On Painting The Sun: Monet’s Choice
If you paint the sun, you are always confronted with a specific choice: you either have to try and establish the correct value relationship by making the sun very light on your canvas or you must go for the color, in which case the value relationship will be incorrect but the color relationship will be closer to the truth. The reason for this is simply that the highest value pigment we have is pure white. (It is unlikely we would even use pure white because a glob of pure would look “chalky” or artificial.) Once we add color, say a tiny bit of cadmium yellow light, it would look somewhat more real, but then the brightness or value would be diminished by that tiny amount. And if we were to then mix in small amounts of cadmium orange or maybe vermillion, we would probably get closer to the actual color of the sun, particularly if it were low in the sky, but at the same time the value or brightness would decrease even further. Such is the nature of paint as compared to actual light, or energy. So the choice is either to go for the value, white with a tiny bit of yellow (which would be the highest value color note we could make), or to go for the color – a hot orangey-red color, perhaps. It’s one or the other. But both are impossible. Let me use Monet’s famous Impression Sunrise to illustrate this point:
On the left is the actual famous painting and on the right is the same painting but in black and white. Notice how the sun in the black and white version practically disappears. What this means is that in the actual painting (in color), the sun is the same value as the darker blue colors. In other words, Monet has sacrificed value in order to get the color. Let’s see what it would have looked like had he done the reverse, if he had sacrificed color in order to get closer to the proper value relationship.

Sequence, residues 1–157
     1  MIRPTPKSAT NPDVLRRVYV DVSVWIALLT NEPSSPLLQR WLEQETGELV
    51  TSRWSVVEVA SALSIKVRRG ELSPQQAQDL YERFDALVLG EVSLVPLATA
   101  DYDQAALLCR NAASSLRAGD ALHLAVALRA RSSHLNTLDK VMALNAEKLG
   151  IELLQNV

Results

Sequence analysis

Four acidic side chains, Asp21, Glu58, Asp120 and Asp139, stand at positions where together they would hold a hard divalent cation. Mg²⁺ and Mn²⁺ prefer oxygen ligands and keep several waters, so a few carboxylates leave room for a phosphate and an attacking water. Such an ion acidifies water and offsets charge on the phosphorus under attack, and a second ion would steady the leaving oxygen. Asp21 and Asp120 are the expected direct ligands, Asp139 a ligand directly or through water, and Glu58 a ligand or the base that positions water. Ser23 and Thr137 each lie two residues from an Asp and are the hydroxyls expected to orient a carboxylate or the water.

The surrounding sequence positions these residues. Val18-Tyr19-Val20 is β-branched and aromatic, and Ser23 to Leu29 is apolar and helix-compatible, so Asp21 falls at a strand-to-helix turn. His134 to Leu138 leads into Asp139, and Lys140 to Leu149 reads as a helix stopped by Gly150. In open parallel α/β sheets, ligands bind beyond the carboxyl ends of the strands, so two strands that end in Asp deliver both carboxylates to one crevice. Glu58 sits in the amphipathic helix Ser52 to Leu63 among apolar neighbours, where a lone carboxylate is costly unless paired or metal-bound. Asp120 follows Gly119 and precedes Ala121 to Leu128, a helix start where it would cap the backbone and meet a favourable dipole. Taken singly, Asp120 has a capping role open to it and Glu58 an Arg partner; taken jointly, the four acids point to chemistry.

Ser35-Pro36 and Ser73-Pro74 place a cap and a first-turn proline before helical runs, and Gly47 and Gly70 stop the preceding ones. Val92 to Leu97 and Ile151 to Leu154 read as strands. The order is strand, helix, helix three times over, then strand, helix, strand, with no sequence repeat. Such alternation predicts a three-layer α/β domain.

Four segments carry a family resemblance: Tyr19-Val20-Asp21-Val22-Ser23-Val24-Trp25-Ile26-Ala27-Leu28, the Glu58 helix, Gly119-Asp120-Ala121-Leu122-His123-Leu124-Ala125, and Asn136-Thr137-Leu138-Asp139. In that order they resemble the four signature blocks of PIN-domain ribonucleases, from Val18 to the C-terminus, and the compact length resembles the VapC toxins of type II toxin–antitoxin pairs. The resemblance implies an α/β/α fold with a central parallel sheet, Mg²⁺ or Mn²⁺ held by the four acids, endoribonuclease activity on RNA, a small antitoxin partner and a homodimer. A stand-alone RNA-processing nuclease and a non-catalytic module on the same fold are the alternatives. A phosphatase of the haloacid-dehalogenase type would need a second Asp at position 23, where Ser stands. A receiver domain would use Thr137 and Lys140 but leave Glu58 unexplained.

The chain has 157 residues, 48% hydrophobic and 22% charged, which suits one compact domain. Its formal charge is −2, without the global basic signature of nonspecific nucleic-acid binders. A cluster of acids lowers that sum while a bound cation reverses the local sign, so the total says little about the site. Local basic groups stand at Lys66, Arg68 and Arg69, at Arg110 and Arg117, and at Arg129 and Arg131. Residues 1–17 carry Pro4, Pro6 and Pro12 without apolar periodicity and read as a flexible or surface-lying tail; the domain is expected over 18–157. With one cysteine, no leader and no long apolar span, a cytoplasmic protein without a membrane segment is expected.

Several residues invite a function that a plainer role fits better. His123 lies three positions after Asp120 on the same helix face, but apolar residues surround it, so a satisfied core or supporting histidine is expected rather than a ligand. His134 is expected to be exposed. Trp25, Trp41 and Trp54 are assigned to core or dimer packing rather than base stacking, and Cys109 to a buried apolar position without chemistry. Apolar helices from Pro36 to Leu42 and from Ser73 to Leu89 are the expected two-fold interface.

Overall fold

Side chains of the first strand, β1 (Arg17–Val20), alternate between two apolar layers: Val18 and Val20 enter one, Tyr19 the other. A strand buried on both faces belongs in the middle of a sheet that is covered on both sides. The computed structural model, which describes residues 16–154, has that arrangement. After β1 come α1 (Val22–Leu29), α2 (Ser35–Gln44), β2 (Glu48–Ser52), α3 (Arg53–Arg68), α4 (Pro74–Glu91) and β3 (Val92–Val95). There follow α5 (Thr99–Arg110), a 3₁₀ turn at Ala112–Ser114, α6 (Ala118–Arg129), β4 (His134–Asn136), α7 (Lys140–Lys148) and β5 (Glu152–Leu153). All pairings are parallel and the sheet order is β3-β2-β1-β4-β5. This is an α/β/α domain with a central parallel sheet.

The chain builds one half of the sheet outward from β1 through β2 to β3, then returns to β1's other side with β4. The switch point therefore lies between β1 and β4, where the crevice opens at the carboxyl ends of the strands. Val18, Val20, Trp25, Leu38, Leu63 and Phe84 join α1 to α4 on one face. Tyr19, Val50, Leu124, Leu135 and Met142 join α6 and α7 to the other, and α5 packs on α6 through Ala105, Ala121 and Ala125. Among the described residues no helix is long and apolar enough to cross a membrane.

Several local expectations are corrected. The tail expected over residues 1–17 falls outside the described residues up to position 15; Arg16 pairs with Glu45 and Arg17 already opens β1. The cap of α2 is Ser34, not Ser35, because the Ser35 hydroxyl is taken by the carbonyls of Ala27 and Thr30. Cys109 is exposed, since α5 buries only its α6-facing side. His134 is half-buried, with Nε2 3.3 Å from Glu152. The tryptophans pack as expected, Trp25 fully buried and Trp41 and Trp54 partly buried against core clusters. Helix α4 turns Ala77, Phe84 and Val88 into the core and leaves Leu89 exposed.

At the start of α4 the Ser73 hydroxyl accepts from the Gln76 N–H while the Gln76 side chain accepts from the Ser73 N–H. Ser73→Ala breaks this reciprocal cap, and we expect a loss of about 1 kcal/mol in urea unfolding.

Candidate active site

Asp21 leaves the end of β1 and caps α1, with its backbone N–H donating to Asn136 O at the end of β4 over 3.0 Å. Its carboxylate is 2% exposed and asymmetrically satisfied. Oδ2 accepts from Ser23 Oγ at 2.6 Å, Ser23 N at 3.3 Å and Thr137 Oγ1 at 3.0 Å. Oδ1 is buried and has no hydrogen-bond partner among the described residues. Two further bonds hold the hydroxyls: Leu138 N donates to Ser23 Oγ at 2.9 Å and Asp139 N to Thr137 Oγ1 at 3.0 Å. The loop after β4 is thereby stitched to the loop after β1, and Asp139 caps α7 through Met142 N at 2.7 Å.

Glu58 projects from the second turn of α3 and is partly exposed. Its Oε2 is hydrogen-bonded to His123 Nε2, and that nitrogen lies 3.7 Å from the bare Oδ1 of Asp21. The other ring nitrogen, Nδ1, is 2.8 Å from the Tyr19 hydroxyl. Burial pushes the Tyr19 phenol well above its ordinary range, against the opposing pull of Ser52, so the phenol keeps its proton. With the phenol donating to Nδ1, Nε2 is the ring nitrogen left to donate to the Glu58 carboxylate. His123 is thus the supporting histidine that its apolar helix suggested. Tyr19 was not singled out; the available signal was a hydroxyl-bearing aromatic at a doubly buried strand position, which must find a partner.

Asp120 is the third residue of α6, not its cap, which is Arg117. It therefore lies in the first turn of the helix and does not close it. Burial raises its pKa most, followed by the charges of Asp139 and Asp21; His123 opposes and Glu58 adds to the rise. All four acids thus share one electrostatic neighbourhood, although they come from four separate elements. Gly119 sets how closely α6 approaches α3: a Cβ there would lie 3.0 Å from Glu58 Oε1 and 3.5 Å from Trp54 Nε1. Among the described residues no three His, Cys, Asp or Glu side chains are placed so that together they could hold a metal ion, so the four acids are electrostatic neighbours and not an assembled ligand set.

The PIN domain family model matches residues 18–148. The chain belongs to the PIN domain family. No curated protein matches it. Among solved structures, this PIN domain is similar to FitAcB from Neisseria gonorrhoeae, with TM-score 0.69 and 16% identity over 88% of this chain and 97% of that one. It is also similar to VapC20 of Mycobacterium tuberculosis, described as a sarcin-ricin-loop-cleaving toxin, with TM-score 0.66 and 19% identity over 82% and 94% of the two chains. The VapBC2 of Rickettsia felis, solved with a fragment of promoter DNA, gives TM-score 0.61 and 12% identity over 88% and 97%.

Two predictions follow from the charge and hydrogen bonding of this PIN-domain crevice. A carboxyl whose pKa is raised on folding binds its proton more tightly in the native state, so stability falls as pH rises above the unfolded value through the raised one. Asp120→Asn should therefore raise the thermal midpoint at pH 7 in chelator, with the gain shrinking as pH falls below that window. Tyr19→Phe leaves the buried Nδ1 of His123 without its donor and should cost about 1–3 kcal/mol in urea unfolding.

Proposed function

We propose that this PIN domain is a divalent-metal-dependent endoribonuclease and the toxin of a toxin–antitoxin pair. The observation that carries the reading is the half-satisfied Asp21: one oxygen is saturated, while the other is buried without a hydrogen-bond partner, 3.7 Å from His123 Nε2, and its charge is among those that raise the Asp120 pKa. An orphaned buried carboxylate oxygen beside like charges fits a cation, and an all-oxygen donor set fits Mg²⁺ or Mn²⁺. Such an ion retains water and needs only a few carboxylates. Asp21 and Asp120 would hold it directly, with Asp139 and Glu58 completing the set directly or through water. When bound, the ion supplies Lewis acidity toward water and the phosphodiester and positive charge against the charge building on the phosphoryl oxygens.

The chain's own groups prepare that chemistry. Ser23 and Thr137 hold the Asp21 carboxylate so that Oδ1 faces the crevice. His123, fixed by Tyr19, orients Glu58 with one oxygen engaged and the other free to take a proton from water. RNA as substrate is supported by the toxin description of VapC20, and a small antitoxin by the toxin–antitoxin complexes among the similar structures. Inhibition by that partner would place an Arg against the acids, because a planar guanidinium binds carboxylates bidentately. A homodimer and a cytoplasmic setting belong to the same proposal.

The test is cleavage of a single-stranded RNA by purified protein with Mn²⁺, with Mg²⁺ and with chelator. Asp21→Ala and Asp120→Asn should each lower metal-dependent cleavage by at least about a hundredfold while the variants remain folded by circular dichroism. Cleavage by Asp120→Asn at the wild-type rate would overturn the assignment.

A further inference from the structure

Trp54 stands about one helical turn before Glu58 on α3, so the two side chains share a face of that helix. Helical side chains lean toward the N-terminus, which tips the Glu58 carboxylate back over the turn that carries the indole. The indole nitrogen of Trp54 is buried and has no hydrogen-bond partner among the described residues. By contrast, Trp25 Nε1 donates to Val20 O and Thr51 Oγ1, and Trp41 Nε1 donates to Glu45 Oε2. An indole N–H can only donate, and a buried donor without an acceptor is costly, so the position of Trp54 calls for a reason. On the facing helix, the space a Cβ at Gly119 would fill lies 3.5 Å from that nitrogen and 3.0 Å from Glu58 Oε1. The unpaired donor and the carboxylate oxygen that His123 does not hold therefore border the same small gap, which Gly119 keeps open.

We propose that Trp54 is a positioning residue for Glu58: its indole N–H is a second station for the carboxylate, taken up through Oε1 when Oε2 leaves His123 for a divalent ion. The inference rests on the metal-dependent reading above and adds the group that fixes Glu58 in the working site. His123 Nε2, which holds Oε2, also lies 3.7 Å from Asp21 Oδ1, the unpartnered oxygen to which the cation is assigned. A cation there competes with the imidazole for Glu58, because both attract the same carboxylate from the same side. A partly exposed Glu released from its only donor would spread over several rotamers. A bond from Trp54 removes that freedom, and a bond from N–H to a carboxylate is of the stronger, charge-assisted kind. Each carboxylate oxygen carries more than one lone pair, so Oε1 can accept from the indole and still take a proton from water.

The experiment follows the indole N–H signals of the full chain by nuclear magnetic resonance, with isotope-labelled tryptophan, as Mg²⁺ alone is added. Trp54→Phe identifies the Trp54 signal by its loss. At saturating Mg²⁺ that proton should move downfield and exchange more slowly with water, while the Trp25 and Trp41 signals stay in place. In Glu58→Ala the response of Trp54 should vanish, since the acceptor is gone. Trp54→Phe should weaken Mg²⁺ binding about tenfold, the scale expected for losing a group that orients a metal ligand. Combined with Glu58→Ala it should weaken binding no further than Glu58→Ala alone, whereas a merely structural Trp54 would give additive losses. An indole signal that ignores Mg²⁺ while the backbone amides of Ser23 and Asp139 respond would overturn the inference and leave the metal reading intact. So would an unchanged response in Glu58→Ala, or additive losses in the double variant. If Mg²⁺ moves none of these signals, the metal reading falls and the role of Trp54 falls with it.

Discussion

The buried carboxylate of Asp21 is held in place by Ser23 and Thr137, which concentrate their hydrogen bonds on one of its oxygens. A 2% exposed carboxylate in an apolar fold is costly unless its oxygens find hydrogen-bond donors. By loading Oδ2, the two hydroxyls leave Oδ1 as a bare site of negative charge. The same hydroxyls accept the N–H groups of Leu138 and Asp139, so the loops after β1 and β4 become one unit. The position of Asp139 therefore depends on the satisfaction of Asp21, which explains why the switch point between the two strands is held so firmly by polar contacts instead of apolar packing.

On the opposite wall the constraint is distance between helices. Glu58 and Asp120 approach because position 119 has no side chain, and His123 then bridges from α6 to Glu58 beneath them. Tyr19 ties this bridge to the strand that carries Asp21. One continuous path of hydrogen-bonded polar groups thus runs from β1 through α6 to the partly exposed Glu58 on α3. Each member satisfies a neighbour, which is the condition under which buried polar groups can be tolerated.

In the image on the left I have replaced Monet’s orangey-red sun and its reflection with white and a tiny bit of yellow. Notice that in the black and white version on the right, the sun is the brightest thing in the sky; the value relationship is relatively correct. But in order to get closer to the correct value, the richness of the color is lost.
Here’s the point: there is no way to get rich color and high value with paint. It comes down to choice. Some artists (George Inness comes to mind) have made wonderful paintings where the sun is bright but weak in color. Monet, however, always seems to have gone for the color.
My Big Fat Warning!
I am hopeful that this type of blog provides some food for thought. But I hesitate in writing this sort of thing because the information also feeds a mechanical process that becomes a formula. It is fine, if not necessary, to have knowledge in the back of your head, but when you are painting, the process must be driven by the feelings you have as you become one with nature, when you resonate or vibrate with the light that is absorbing you, and you it. So it would be unwise to go out and say, “I’m going to approach it the way Monet did as opposed to the way Inness did.” Rather, wait until you get there. Open yourself to seduction. Will you get lost in the warm volcanic vermillion of the sun’s warmth or will you surrender to the bright dancing notes of a sparkling sun? Formula picture making is so 9 to 5.